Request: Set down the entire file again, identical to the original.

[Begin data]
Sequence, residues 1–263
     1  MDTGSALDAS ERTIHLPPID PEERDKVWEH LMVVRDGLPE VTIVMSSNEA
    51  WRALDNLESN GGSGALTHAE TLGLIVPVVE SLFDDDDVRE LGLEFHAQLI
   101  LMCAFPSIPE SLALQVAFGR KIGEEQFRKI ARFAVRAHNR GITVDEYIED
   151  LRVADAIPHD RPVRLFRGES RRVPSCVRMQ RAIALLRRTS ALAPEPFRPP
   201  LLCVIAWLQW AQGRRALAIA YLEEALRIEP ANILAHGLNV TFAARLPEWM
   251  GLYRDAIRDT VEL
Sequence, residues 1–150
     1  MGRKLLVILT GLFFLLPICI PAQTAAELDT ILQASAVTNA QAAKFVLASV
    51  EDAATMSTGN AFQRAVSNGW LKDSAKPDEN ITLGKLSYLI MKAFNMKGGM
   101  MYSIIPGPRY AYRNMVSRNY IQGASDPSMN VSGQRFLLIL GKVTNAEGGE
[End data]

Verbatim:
Sequence, residues 1–263
     1  MDTGSALDAS ERTIHLPPID PEERDKVWEH LMVVRDGLPE VTIVMSSNEA
    51  WRALDNLESN GGSGALTHAE TLGLIVPVVE SLFDDDDVRE LGLEFHAQLI
   101  LMCAFPSIPE SLALQVAFGR KIGEEQFRKI ARFAVRAHNR GITVDEYIED
   151  LRVADAIPHD RPVRLFRGES RRVPSCVRMQ RAIALLRRTS ALAPEPFRPP
   201  LLCVIAWLQW AQGRRALAIA YLEEALRIEP ANILAHGLNV TFAARLPEWM
   251  GLYRDAIRDT VEL
Sequence, residues 1–150
     1  MGRKLLVILT GLFFLLPICI PAQTAAELDT ILQASAVTNA QAAKFVLASV
    51  EDAATMSTGN AFQRAVSNGW LKDSAKPDEN ITLGKLSYLI MKAFNMKGGM
   101  MYSIIPGPRY AYRNMVSRNY IQGASDPSMN VSGQRFLLIL GKVTNAEGGE